All About Guns

Return of a Classic: Mauser to Release DWM-Branded M98 by JORDAN MICHAELS

DWM is the conglomerate that manufactured the first Mauser 98 rifle series.

Details are few and far between, but it looks like Mauser is set to reboot their classic Mauser 98 rifle with DWM brand markings.
Deutschen Waffen-und Munitionsfabriken, or DWM, was formed in the late 19th century when the Mauser company joined with Ludwig Loewe and bullet maker Deutsche Metallpatronenfabrik AG. That conglomerate produced the Mauser 98 series bolt-action rifles, which armed German troops (along with troops from many other countries) until after World War II.

Now Mauser is bringing back a DWM-branded M98, and it looks like it’s going to be a beauty.
“Today connoisseurs still appraise the legendary DWM hunting cartridges and the Mauser 98-actions of the DWM 1908- and DWM 1909-series,” Mauser says on their website. “Now the old alliance with Mauser is renewed and DWM is back. Stay tuned and learn more about a German legend and interesting products to come.”

In his comprehensive overview of the Gewehr 98 Mauser, Christopher Mace called the original M98 “one of the most historically significant and technically influential firearms in history.”
“In one variant or another, it armed men on both sides of two world wars and continues to be seen in conflicts around the world to this day. Rifle actions are still being based on it or using its features,” he continued.
When Mauser came back in the 1950s without DWM, the M98 wasn’t part of its offerings. The company only resurrected the legendary rifle in the 1990s as a high-end safari gun in magnum chamberings such as 9.3x64mm and .416 Rigby. They later added Standard models with calibers starting at 7x57mm.
In recent years, Mauser has sought to gain a share of the U.S. market with the popular M18 line, dubbed “The People’s Rifle” by the company. Mauser added a 6.5 PRC chambering at this year’s SHOT Show to complement the six other popular calibers currently offered. The rifle comes with a sub-MOA guarantee and runs for a reasonable $699.99 MSRP.
Mauser did not respond to a GunsAmerica request for pricing and caliber information on the new DWM-branded M98. Best guess on price? Not cheap. Other modern M98 models can be had for the low, low price of ~$8,000.


Well I thought it was funny!

The Chicago Way – (Guess where my wife is from)


All About Guns

A Colt Three Fifty Seven 6″ .357 Magnum Double Action Revolver, MFD 1958 (Also it is a great investment too!)

All About Guns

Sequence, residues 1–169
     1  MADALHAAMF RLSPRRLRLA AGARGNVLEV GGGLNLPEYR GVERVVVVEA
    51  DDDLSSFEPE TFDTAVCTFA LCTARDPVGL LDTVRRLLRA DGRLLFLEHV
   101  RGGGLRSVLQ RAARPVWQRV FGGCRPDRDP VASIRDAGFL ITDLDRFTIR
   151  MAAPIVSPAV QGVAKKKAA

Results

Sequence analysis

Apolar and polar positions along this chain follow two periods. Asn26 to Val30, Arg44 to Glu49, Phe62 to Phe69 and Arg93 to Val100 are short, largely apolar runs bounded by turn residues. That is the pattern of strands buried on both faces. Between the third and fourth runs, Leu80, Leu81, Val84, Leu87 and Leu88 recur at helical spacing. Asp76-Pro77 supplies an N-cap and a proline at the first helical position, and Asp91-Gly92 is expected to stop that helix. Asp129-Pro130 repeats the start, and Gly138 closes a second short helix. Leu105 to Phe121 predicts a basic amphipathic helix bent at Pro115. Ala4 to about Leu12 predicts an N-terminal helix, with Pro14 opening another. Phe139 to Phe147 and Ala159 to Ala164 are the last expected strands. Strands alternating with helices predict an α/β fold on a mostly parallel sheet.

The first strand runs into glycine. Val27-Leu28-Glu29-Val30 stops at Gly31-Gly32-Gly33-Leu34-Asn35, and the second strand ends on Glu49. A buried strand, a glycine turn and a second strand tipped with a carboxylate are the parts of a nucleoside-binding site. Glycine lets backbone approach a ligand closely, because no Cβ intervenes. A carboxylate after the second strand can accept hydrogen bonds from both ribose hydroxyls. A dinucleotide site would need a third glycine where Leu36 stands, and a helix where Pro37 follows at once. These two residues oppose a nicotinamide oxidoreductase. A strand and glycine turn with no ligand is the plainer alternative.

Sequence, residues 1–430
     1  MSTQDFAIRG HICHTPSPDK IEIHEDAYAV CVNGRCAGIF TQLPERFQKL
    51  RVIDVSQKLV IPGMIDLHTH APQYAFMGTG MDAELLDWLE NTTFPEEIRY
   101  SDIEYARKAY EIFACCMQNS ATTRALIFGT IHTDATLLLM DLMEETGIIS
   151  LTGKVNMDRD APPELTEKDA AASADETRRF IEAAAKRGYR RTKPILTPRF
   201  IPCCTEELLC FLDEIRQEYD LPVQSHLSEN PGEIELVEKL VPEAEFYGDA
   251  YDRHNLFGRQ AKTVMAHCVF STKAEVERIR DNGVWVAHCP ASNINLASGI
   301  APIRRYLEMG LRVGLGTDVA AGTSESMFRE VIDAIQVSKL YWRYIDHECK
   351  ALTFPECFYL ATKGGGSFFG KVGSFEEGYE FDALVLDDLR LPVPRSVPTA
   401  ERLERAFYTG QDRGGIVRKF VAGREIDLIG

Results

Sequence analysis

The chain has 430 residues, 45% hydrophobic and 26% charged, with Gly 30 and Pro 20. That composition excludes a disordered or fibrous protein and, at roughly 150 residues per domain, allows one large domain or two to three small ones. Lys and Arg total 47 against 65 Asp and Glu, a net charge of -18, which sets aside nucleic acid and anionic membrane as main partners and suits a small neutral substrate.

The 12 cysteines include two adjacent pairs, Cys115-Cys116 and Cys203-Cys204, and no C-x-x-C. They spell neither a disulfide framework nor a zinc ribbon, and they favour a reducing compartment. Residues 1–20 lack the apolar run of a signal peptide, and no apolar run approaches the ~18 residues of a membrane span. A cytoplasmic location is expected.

Winchester Mystery Prototype: Melvin Johnson does Project SALVO?


Something easy on the eyes – N.S.F.W.



Dear Grumpy Advice on Teaching in Today's Classroom This great Nation & Its People War

Something for the History Teachers out there – The Overland Campaign: Animated Battle Map

Soldiering War

Something for Fellow Cavalry Troopers – Cavalry Charges

All About Guns

Burgess Folding Shotgun

The Nice guys at Lock Stock and barrel Investment had one of these up for Auction. So they very kindly let me handle it. Now it was not one of the folding models. But I was still very impressed by it. So if you get a chance you might want to keep an eye open at their Website. Grumpy

Here is the address –

All About Guns

Clapp on Handguns: My Second Favorite-est Revolver by Wiley Clapp

Clapp on Handguns: My Second Favorite-est Revolver
While I started my love affair with the handgun (in the form of a GI .45 Colt auto), I was always open-minded about the revolver. In match shooting, the Marine Corps used revolvers for the center-fire stages, so I developed some familiarity with the S&W K-38 and Colt OMM. A little later, I got into the law enforcin’ business and it was all revolver.
With my agency, Colts were permitted but S&Ws were issued. With a few exceptions, we carried medium-frame .38s from S&W—10s, 15s or 19s. A few guys liked the better shooting qualities of a heavier gun and opted for 27s or 28s  I packed a 5” Model 27 for a couple of months and liked it very much.
But when I shot it side by side with my 19 and saw little difference with our issued ammunition, I went back to the lighter K frame. Most police officers preferred a revolver that was light enough to ride their hip virtually unnoticed for long shifts and I am no exception.
Eventually, I retired from law enforcement—it happened at the time when S&W and Ruger introduced the best police revolvers ever made. They were the Smith L frames and Ruger GP-100s. Since we are going to look at my second favorite revolver, we have to first eliminate my first, which is none of the ones I have already mentioned.
In the early stages of my revolver-carrying deputy-sheriff days, I realized that carrying an off-duty gun was a good idea. It should be small and light enough to always be there. Like many other officers, I went for the same brand of gun as my on-duty revolver—Smith & Wesson. This company’s small, five-shot J-frame revolvers have been made since the 1950s and the very best of that sized gun is the internal hammer, double-action-only Centennial.